Breeding Range. On the breeding grounds, the species most often employ the swift lunging technique described above, although typical probing is also common (18). They also chase down prey exposed by outgoing water, similar to the foraging behavior of a Sanderling (Calidris alba) (18). If fish are hidden in the thick vegetation of a coastal meadow, they manipulate the vegetation until the fish is exposed or until it leaves cover. If their foraging areas are partially frozen, the species picks off sticklebacks underneath the ice (66). To swallow a stickleback, the species carries it to a dry section of the coastal meadow or mudflat, vigorously shake and briefly re-submerge it (presumably to wash off the grit and mud), then places the fish on a dry substrate to reposition it so the head is swallowed first and the spines do not interfere (18; VVP). Processing and swallowing a fish can be a lengthy ordeal; the species frequently drops and recaptures, and partially swallows and regurgitates the fish multiple times before finally succeeding to consume it (18, VVP).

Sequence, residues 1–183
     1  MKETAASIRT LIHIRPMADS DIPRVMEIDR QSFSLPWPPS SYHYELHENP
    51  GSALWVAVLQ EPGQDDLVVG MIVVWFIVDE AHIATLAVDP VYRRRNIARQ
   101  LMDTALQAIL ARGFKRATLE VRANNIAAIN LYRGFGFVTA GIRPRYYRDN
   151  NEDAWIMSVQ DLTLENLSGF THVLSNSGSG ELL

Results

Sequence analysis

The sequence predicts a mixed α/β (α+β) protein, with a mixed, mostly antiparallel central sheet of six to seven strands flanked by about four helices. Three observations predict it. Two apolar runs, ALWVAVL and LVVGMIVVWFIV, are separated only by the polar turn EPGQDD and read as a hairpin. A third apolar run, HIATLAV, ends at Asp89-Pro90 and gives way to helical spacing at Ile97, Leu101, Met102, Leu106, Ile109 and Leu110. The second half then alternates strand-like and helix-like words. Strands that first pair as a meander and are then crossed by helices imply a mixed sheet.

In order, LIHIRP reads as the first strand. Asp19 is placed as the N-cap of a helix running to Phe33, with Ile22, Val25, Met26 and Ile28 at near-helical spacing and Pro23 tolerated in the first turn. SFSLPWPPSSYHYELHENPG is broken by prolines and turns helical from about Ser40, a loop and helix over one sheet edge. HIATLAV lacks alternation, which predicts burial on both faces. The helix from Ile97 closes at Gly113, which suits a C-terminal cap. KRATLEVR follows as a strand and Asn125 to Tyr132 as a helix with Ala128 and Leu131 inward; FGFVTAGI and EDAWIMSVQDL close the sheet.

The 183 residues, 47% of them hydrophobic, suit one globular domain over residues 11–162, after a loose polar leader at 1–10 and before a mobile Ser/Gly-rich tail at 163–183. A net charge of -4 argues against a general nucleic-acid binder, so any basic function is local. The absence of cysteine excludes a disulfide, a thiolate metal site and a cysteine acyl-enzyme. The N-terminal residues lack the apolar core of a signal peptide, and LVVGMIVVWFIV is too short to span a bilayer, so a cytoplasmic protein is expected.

Other foraging behaviors include the species hovering 5–10 m (but also as high as 20 m and as low as one m) above the surface of a mudflat and diving to catch prey items, similar to a tern (Sterna spp.) or kingfisher (Alcedines spp.) (132, 133, 73). They may stand motionless in an alert stance for 3–4 minutes near a crab burrow to ambush crabs with an “explosive movement” once it appears (134). Greenshanks occasionally employ kleptoparasitism to steal food from godwits (Limosa spp.), plovers (Pluvialis spp.), other Tringa species, and even terns (10, 101, 109). They can also be active foragers at night (116).